Eating Near the Poverty Line

Blogger Lisa Johnson set out to feed her family exclusively from Whole Foods Market for a USDA-calculated “thrifty” budget of $491.10 for 30 days. Read about her success.

Lisa Johnson is an avid from-scratch cook and now frugal foodie at opens in a new tab. She writes about her family's food adventures on her blog. She is frequently found on Twitter @LisaJohnson.

Sometimes you get a hold of an idea and you just can’t let go. Even though something seems a little crazy, you try it.

I’ve been writing about obesity, particularly childhood obesity, for a few years now and I kept wondering how hard it is for people at or near the poverty level to feed their families well. I knew a lot about nutrition and healthy eating, but what is it like to feed a family, healthfully, at or near the poverty level?

Believe it or not, I roam around the USDA website for fun. It’s a treasure trove of information, all kinds of stats and figures and guidelines. A few months ago I ran across grocery budgets set by gender and age and at four different price points: Thrifty, Low, Medium and Liberal. The USDA tracks over 8,000 families on a monthly basis.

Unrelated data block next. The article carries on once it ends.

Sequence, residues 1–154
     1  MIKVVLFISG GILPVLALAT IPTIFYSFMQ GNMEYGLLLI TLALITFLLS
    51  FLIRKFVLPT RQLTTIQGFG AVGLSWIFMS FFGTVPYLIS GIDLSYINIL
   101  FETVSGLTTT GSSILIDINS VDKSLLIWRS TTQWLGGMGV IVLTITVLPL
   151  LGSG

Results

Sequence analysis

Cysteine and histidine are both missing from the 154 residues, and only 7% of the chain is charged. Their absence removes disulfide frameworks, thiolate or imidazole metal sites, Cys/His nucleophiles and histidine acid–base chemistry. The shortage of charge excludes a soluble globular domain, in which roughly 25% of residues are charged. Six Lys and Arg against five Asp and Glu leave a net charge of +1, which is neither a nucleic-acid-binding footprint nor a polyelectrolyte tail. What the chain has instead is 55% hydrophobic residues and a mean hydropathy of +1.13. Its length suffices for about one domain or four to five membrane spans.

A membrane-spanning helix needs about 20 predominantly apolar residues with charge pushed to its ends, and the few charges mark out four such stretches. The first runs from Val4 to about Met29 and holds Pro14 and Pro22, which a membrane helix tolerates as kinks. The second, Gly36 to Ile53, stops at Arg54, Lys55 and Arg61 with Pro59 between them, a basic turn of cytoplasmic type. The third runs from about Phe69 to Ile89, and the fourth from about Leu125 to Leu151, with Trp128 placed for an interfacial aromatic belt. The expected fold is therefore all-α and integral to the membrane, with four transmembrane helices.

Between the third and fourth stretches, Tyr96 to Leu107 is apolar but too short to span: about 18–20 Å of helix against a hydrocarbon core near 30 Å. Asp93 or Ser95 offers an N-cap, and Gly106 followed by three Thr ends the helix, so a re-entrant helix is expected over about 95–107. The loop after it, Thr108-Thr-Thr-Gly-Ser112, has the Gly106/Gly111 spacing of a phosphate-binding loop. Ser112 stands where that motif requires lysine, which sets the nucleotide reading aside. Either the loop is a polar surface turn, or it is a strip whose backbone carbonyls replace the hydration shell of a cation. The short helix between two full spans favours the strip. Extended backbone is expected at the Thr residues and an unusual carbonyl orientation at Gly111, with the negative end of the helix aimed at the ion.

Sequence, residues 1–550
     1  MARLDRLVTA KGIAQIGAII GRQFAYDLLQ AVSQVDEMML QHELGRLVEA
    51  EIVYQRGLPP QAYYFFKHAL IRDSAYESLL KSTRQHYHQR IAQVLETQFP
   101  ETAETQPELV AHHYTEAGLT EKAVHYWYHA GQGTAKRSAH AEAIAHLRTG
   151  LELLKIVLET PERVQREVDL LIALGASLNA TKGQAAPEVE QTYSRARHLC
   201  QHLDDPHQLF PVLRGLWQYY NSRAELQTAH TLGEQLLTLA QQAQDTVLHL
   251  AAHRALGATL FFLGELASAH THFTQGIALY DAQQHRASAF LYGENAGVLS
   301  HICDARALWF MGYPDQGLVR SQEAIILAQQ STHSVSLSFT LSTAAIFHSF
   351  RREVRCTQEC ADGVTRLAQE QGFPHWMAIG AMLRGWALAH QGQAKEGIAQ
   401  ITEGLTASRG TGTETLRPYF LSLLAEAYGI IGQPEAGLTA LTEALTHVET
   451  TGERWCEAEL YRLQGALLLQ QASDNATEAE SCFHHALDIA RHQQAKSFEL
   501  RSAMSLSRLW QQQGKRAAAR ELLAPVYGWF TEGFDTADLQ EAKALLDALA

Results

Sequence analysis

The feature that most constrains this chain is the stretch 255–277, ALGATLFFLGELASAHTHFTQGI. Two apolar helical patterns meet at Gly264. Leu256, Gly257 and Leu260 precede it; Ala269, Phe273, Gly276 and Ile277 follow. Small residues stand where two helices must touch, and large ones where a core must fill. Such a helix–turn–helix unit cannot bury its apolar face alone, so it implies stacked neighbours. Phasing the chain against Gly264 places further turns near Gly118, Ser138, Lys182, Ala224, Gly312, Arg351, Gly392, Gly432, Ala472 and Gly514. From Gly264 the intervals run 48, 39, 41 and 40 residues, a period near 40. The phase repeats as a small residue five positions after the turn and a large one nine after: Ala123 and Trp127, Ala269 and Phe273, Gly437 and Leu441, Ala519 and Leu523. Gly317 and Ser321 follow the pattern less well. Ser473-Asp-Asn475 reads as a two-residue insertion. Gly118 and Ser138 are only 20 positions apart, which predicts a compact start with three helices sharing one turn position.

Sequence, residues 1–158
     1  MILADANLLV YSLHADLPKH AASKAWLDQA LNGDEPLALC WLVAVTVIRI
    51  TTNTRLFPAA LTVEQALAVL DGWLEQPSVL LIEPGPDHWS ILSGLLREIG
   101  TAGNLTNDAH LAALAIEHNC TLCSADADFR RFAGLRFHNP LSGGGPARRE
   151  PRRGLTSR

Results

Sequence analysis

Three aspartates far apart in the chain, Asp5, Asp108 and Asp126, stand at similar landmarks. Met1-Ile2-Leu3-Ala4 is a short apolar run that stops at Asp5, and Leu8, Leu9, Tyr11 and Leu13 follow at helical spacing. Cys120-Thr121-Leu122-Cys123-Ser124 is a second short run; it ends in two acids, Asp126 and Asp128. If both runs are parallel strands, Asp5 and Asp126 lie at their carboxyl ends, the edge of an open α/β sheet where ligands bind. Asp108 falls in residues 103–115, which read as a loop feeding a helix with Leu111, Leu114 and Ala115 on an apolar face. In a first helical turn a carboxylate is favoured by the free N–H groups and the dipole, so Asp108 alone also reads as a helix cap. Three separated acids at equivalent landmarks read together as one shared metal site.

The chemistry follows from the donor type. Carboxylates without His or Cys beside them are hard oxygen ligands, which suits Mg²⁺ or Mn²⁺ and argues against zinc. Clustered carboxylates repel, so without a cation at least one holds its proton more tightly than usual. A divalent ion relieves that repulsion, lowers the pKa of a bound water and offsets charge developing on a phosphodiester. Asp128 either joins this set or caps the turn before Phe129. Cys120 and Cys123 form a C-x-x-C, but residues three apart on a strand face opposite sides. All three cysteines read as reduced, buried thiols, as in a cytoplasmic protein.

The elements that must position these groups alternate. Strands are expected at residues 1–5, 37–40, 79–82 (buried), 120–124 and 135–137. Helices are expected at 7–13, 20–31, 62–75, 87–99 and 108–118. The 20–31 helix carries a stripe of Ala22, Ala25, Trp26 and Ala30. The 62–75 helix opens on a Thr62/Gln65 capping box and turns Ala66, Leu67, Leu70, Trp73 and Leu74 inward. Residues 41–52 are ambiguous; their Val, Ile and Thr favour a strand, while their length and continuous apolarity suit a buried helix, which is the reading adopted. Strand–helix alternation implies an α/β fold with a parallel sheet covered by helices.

They record all of their food purchases and create an aggregate picture. You can see exactly where you fit in on their Cost of Food at Home opens in a new tab chart.

You might think these stats are a waste of taxpayer money but they have real implications.

If you’re going through a divorce there’s a good shot that your children’s food allowance for child support will be set from the “low” level. At the other end of the spectrum, our troops are fed based on the “liberal” budget. So it does have a real impact in our lives and our pocketbooks.

Actually the USDA influences us in a lot of ways that you might not be aware of. They set the guidelines for school lunches (recently revised and somewhat better than before) and they came out with the Food Plate opens in a new tab late last year, the big graphic plate that has now replaced the Food Pyramid.

But back to those budgets, there are a few facts buried in the tables. The low and medium budget categories assume 10% waste and the liberal budget assumes 30% waste.

Could you imagine throwing out 30% of what you bring home?

After quite a bit of pondering and several discussions with my family, we decided to set up a 30-day challenge and blog about it.

We would use our budget amount of $491.10 for 270 meals plus snacks (every meal for three people using the “thrifty” budget category). That works out to $16.37 per day and yes we even packed a school lunch for our 4th grade son.

Tomorrow we’ll talk about how we did! What do you think?

Could you and your family eat on a poverty level budget?

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